- 4 duck breast
- Maldon salt and freshly ground black pepper
- For the red cabbage;
- 1 large red cabbage, shredded
- 1tblsp sea salt
- 1bottle of red wine
- 250ml red wine vinegar
- 50g brown sugar
- 50g red currant jelly
- 1 star anise
- 1 cinnamon stick
- 4 juniper berries
- 2 sprigs of thyme, chopped
- For the polenta;
- 50g butter
- 1 onion finely diced
- 2 sticks of celery finely diced
- 2 garlic cloves, minced
- 500ml chicken stock
- 200g coarse polenta
- ½tsp Maldon salt
- ½tsp fresh ground black pepper
- 150g freshly grated Parmesan cheese
- For the parsnip puree;
- 3 large parsnips
- 1tblsp butter
- 3tblsp olive oil
- 60ml chicken stock
- 120ml double cream
- Maldon salt and freshly ground black pepper
- For the parsnip crisps;
- 3 parsnips, scrubbed, peeled and cleaned
- Rapeseed oil, for deep frying
- 2 tsp Maldon salt
- For the sauce;
- 1 sprigs of thyme
- 1 garlic clove
- 100g cherries marinated in kirsch
- 200ml Kirsch
- 50ml calvados
- 100ml white wine
- 200ml chicken stock
- 500ml beef jus
- To serve;
- Fresh chervil
- Baby onions, cut in half and roast until tender
I love this dish with all of the lovely deep winter flavours. The gamey flavour of the duck is really comes alive when eaten with the Kirsch cherries and the red cabbage. And the very smooth sweet earthy taste that comes from the parsnip puree.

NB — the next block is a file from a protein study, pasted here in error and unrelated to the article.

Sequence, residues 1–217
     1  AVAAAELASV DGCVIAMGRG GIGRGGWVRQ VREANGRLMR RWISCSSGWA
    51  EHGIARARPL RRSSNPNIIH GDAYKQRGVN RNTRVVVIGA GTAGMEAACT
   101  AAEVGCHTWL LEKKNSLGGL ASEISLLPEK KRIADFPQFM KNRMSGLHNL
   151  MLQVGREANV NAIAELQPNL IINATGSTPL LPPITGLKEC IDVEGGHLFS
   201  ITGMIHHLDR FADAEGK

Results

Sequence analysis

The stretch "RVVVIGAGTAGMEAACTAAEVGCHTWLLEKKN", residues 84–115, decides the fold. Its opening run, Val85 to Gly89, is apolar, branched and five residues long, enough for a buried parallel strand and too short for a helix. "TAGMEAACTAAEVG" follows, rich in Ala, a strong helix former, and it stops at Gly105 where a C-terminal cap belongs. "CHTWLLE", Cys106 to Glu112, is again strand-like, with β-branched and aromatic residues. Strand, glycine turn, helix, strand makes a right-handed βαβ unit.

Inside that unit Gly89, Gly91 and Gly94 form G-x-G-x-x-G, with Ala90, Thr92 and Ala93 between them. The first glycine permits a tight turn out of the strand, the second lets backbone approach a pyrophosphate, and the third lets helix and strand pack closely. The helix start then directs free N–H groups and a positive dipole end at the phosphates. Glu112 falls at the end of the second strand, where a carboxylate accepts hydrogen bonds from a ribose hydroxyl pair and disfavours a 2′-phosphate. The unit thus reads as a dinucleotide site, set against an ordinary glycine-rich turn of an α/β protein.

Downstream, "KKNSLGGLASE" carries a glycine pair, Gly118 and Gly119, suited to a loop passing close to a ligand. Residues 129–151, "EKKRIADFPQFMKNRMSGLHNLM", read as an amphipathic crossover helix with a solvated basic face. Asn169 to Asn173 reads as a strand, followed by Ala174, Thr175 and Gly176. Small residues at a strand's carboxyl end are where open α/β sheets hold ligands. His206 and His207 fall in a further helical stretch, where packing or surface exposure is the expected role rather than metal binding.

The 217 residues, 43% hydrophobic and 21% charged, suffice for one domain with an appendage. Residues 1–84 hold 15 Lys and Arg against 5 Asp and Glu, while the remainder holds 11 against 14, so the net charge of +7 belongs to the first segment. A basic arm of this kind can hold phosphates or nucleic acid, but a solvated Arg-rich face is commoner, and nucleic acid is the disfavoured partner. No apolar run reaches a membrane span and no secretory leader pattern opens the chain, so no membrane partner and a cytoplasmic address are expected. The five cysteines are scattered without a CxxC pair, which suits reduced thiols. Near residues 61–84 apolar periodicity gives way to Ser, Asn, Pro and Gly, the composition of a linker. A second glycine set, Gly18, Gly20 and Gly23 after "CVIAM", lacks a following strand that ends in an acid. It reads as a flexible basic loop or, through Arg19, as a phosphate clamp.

I have served this dish with polenta, which makes a change from the normal meat and potato combination. Polenta is a golden-yellow Italian cornmeal made from dried, ground maize (corn), and also the name given to the savoury cornmeal porridge that’s made by mixing cornmeal with water and simmering and stirring until it thickens – a staple dish of northern Italy. Polenta can be ground coarse or fine and is widely used in the southern states of America to make a variety of dishes, including cornbread, because maize is a major crop in the US.
If you are not fond of polenta this dish eats equally well with potato gratin, potato fondant or a velvety smooth mash.
For the red cabbage;
Toss the cabbage in the sea salt, cover with cling film and leave to go limp in the fridge over night. Rinse well and drain. Place the remaining ingredients into a large pot and bring to the boil, add the cabbage and turn down the heat to a simmer, leave to simmer for 1 hour, stirring all the time, remove from the heat and strain of any excess liquid. Place the cabbage into a container and pour over a little of the liquid, cool and store in the fridge for a couple of days to allow the flavours to develop.
For the polenta;
Melt the butter in a pan over medium heat; add onion, celery, and garlic, and cook for 3-5 minutes or until tender. Add the chicken stock, and bring to a boil; gradually stir in the polenta and season with the salt and pepper. Reduce heat to low, and cook, stirring continuously for approx 10 mins. Remove from heat, and stir in cheese. Pour mixture into a lightly greased 13- x 9-inch baking dish; cover and chill 3 to 12 hours or until firm. When the polenta has set cut into small squares.